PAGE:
The New and Improved Mary Todd Lincoln Vanilla Almond Cake Recipe

Abe Lincoln overshot Lifeforcephotos for Bake This Cake

We messed with what might be “thee” most famous cake recipe ever! How cheeky is that!? And the results are in! Rich and buttery cake with fine quality ingredients made lovingly from scratch — just like an old-fashioned Seduction Cake!

Christine's Kitchen by LifeForcePhotosOkay. Drumroll paleeze…This cake needs NO FROSTING. Yes, you heard that right! As in >> nada, none<< not even our famous fruited dollops of whipped cream. So, like, WHEN‘s the last time you served a cake with no frosting? I dare you! 🙂 AND you might find this no-frosting cake interesting when you re-live a bit of history-in-the-making right in your own darling kitchen.

{{{{No. I’m not going to make you shuck almond hulls, or bring eggs in from the hen-house, though that could be fun too — but don’t get me started!}}}

Take a close-up look at this little honey, breathe in the warm vanilla and check out the little specks of fresh-ground almonds. Are you with me on this?

Molly Cake Mary Todd Lincoln's Vanilla Almond Cake - Made Better by BakeThisCake

Giron's Confectioner's Shop in Lexington Kentucky
                     Giron’s Confectioner’s Shop, Lexington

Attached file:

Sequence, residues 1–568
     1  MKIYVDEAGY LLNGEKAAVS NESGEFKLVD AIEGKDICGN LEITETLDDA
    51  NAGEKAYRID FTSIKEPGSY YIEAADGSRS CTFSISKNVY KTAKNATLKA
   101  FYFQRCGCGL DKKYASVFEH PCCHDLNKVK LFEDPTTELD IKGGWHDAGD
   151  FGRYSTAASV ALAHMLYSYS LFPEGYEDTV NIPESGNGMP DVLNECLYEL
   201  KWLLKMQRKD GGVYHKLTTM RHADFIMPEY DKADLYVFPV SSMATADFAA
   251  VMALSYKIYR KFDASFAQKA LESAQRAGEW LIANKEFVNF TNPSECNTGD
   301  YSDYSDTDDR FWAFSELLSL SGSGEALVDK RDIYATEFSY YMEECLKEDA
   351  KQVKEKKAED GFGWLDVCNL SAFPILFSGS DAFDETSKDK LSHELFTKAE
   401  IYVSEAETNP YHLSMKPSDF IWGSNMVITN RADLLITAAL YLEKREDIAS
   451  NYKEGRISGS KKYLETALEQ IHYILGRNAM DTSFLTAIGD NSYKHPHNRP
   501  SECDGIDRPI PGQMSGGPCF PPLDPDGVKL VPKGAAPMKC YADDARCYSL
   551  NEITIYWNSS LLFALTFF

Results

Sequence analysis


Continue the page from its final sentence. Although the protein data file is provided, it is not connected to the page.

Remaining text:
Oodles of history: This cake is adapted from great heaps of historic recipe discussions about the “real” cake often called, “Abe Lincoln’s White Cake” (it’s kind of yellow, oh, and it’s not Abe’s), “Mrs. Lincoln’s White Almond Cake”, the “Mary Todd Lincoln Cake“, “President Lincoln’s Almond Pound Cake”, “Mary Todd Lincoln’s White Cake” and more. And, trust me on this…there are LOTS more! The original recipe was likely shared with Mary by her long-time family friend and neighbor, Monsieur Mathurin Giron, a local confectioner in Lexington.

Mary served this special cake to Abe when they were a’courting in Springfield and then many times at the White House. It gained an amazing reputation as The Best Homemade Cake — right up to the time of your reading of this blog post… 🙂 Now that’s cake with staying power!
Purple Cut Glass Candle holder photo by Leslie Macchiarella for Bake This Cake
But…THIS cake is really an Apology Cake. What? An apology cake??? Yeah. A big apology. This cake stands as a cake apology to Mary Anne Todd Lincoln. (You KNOW you can use a nice home-baked cake as an apology, right?) Yes, this cake is an apology to Mrs. Lincoln for all she put up with in her life…AND for her moxy. And, hello, somebody PLEASE re-write the story of Mrs. Lincoln big time, will you? as I fear (perhaps ignorantly) that the account of her life has suffered from the prejudices inherent in that complicated time in which she lived…So we’ll just start here with, you guessed it…an amazing vintage cake with some modern twists!